An eBay logo is projected onto white boxes in this illustration picture taken in Warsaw, January 21, 2014.
Credit: Reuters white RS/Kacper Pempel
(Reuters) – EBay Inc initially believed that customer data was safe as forensic investigators reviewed a network security breach discovered in early May, global marketplaces chief Devin Wenig said in an interview on Friday.
He declined to say when the company first realized customer data was involved or how many days it took them to prepare Wednesday’s public announcement about the massive breach in which hackers accessed data belonging to all 145 million eBay users.
“For a very long period of time we did not believe that there was any eBay customer data compromised,” Wenig said in the first comments by senior executives since the company disclosed the breach this week.
“When we found out that there was, we moved swiftly to disclose,” he added.
EBay has come under pressure from both customers and authorities over the massive hacking of customer data disclosed this week, as three U.S. states have begun investigating the e-commerce company’s security practices.
The Internet retail giant, which has mobilized its senior executives in a subsequent investigation of the attack, has no plans to compensate customers or offer free credit monitoring for now because it had detected no financial fraud, Wenig said.
Wenig said buying and selling activity on eBay remained normal, though eBay is still working out the cost of the breach, which includes hiring a number of security firms.
Wenig, who was previously a senior executive at Thomson Reuters Corp, declined to comment on whether the cost could be material to eBay.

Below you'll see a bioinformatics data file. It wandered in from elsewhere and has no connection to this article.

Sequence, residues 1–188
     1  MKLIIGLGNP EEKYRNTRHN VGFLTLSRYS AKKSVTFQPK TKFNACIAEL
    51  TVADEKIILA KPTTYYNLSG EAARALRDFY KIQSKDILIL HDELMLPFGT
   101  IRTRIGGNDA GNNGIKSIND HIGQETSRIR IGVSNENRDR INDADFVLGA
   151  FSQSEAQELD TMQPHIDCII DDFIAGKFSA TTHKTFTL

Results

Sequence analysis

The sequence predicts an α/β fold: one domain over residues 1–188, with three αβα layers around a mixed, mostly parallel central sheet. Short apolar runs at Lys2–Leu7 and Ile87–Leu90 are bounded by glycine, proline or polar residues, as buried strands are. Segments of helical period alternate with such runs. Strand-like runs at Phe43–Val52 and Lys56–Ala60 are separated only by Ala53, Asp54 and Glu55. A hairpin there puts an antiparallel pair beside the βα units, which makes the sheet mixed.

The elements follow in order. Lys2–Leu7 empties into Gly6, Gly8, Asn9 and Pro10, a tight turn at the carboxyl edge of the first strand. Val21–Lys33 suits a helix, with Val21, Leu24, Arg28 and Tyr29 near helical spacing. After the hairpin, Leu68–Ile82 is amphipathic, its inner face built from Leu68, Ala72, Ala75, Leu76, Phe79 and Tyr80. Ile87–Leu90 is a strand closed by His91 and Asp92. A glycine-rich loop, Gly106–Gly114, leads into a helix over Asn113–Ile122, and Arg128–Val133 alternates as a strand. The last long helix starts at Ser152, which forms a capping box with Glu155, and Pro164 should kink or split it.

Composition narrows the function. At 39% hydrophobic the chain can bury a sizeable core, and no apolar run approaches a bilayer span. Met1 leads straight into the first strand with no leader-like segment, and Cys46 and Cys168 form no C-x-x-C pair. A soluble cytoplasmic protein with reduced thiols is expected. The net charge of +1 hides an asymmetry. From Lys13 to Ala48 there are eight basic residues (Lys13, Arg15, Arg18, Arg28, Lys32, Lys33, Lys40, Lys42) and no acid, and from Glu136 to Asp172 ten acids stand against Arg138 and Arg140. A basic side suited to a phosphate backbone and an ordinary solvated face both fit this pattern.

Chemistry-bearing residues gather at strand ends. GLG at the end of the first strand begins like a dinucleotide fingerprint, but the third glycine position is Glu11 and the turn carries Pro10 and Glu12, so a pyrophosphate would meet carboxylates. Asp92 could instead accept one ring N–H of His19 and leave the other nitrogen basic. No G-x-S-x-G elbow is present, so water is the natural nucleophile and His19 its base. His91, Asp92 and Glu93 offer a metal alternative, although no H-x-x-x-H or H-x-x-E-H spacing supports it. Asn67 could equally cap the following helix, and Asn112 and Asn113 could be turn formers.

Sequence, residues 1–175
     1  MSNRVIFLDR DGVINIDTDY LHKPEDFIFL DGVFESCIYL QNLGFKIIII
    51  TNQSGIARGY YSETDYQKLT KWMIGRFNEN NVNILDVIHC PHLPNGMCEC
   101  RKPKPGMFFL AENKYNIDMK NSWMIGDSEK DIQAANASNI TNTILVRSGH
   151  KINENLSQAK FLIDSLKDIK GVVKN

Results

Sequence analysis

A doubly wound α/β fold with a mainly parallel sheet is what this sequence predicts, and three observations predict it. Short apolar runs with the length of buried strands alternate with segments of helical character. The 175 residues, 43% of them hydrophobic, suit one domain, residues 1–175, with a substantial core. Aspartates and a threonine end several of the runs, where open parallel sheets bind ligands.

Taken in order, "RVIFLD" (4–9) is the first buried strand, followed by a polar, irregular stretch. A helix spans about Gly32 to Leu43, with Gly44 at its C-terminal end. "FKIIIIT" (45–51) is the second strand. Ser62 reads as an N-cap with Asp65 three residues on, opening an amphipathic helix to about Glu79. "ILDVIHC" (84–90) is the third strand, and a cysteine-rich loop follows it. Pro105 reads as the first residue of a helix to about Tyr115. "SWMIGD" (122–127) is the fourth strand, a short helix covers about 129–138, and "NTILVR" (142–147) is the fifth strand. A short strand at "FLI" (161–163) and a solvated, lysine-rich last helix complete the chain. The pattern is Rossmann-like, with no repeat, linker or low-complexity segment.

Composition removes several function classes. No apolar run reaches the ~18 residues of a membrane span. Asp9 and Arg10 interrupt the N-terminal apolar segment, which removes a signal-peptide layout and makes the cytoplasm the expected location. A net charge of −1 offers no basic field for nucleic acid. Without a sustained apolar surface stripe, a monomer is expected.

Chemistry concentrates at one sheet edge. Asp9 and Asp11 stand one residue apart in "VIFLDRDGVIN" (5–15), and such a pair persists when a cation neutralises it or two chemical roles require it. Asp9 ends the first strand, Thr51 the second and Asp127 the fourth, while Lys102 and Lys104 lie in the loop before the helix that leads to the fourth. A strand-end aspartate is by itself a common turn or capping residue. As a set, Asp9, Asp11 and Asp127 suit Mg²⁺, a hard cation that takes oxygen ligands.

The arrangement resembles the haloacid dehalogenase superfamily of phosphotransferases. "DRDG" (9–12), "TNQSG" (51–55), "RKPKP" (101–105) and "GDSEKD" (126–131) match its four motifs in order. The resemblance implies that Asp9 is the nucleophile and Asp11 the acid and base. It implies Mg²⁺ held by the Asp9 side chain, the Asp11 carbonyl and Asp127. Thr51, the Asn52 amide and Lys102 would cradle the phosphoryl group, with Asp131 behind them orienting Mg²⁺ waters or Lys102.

On Wednesday, the e-commerce company announced that hackers raided its network between late February and early March. The company said financial information was not compromised and its payments unit PayPal was not affected.
The company advised customers to change their passwords immediately, saying they were among the pieces of data stolen by cyber criminals who carried out the attack three months ago.
When eBay first discovered the network breach in early May, the senior team was immediately involved and held multiple daily calls on the issue. Since the customer data breach was disclosed on Wednesday, some eBay staff have been working around the clock.
Wenig said hackers got in using employees’ credentials.
He said that “millions” of users have reset their passwords, but declined to elaborate. The company has begun pushing out emails and notifications to its users, but he said it would take “some time” to complete the task.
“You would imagine that anyone who has ever touched eBay is a large number,” he said. “So we’re going to send all of them an email, but sending that number all at once is not operationally possible, so we’re rolling through it.”
(Reporting by Jim Finkle; Editing by Lisa Shumaker and Andrew Hay)